Once we mock the module we can provide a mockResolvedValue for .get that returns the data we want our test to assert against. In effect, we are saying that we want axios.get('/users.json') to return a fake response.

// users.test.js
import axios from 'axios';
import Users from './users';
jest.mock('axios');
test('should fetch users', () => {
const users = [{name: 'Bob'}];
const resp = {data: users};
axios.get.mockResolvedValue(resp);
// or you could use the following depending on your use case:
// axios.get.mockImplementation(() => Promise.resolve(resp))
return Users.all().then(data => expect(data).toEqual(users));
});

Mock Implementations#

Still, there are cases where it's useful to go beyond the ability to specify return values and full-on replace the implementation of a mock function. This can be done with jest.fn or the mockImplementationOnce method on mock functions.

const myMockFn = jest.fn(cb => cb(null, true));
myMockFn((err, val) => console.log(val));
// > true

The mockImplementation method is useful when you need to define the default implementation of a mock function that is created from another module:

// foo.js
module.exports = function () {
// some implementation;
};
// test.js
jest.mock('../foo'); // this happens automatically with automocking
const foo = require('../foo');
// foo is a mock function
foo.mockImplementation(() => 42);
foo();
// > 42

When you need to recreate a complex behavior of a mock function such that multiple function calls produce different results, use the mockImplementationOnce method:

const myMockFn = jest
.fn()
.mockImplementationOnce(cb => cb(null, true))
.mockImplementationOnce(cb => cb(null, false));
myMockFn((err, val) => console.log(val));
// > true
myMockFn((err, val) => console.log(val));
// > false

When the mocked function runs out of implementations defined with mockImplementationOnce, it will execute the default implementation set with jest.fn (if it is defined):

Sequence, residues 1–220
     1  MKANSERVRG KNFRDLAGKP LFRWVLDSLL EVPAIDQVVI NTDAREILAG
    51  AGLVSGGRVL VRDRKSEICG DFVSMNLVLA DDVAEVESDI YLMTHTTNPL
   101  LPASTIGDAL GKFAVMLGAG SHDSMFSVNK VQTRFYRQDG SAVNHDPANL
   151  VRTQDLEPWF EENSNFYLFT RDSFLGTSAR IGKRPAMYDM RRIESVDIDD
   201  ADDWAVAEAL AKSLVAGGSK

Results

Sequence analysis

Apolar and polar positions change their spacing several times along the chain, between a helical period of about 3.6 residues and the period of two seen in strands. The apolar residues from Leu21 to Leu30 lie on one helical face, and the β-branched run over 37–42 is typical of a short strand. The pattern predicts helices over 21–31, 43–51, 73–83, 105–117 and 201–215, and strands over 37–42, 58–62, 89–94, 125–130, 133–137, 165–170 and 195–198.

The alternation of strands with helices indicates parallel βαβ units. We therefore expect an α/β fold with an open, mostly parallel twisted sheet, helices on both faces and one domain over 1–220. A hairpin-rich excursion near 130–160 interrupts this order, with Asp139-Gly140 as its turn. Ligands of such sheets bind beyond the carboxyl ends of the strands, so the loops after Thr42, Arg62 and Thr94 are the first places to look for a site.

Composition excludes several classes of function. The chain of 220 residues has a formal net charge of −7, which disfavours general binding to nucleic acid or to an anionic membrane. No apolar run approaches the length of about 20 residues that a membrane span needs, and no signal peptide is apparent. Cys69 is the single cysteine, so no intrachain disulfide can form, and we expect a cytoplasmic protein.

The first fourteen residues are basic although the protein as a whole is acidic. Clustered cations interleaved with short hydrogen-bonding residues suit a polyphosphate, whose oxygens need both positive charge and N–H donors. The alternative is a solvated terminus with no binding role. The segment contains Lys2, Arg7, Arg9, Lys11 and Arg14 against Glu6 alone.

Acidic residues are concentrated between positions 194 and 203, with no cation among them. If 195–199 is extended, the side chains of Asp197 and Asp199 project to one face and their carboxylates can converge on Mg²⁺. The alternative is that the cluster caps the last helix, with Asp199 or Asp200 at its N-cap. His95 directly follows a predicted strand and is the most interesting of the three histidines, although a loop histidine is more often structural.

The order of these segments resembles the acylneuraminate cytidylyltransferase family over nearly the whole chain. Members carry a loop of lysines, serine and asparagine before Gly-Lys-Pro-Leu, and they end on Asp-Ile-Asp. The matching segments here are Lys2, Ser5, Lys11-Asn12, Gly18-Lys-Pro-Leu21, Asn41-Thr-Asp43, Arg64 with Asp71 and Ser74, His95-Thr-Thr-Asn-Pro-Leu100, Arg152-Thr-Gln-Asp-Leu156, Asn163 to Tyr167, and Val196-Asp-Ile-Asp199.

const myMockFn = jest
.fn(() => 'default')
.mockImplementationOnce(() => 'first call')
.mockImplementationOnce(() => 'second call');
console.log(myMockFn(), myMockFn(), myMockFn(), myMockFn());
// > 'first call', 'second call', 'default', 'default'

For cases where we have methods that are typically chained (and thus always need to return this), we have a sugary API to simplify this in the form of a .mockReturnThis() function that also sits on all mocks:

const myObj = {
myMethod: jest.fn().mockReturnThis(),
};
// is the same as
const otherObj = {
myMethod: jest.fn(function () {
return this;
}),
};

Mock Names#

You can optionally provide a name for your mock functions, which will be displayed instead of "jest.fn()" in the test error output. Use this if you want to be able to quickly identify the mock function reporting an error in your test output.

const myMockFn = jest
.fn()
.mockReturnValue('default')
.mockImplementation(scalar => 42 + scalar)
.mockName('add42');

Custom Matchers#

Finally, in order to make it less demanding to assert how mock functions have been called, we've added some custom matcher functions for you:

// The mock function was called at least once
expect(mockFunc).toHaveBeenCalled();
// The mock function was called at least once with the specified args
expect(mockFunc).toHaveBeenCalledWith(arg1, arg2);
// The last call to the mock function was called with the specified args
expect(mockFunc).toHaveBeenLastCalledWith(arg1, arg2);
// All calls and the name of the mock is written as a snapshot
expect(mockFunc).toMatchSnapshot();

These matchers are sugar for common forms of inspecting the .mock property. You can always do this manually yourself if that's more to your taste or if you need to do something more specific:

// The mock function was called at least once
expect(mockFunc.mock.calls.length).toBeGreaterThan(0);
// The mock function was called at least once with the specified args
expect(mockFunc.mock.calls).toContainEqual([arg1, arg2]);
// The last call to the mock function was called with the specified args
expect(mockFunc.mock.calls[mockFunc.mock.calls.length - 1]).toEqual([
arg1,
arg2,
]);
// The first arg of the last call to the mock function was `42`
// (note that there is no sugar helper for this specific of an assertion)
expect(mockFunc.mock.calls[mockFunc.mock.calls.length - 1][0]).toBe(42);
// A snapshot will check that a mock was invoked the same number of times,
// in the same order, with the same arguments. It will also assert on the name.
expect(mockFunc.mock.calls).toEqual([[arg1, arg2]]);
expect(mockFunc.getMockName()).toBe('a mock name');

For a complete list of matchers, check out the reference docs.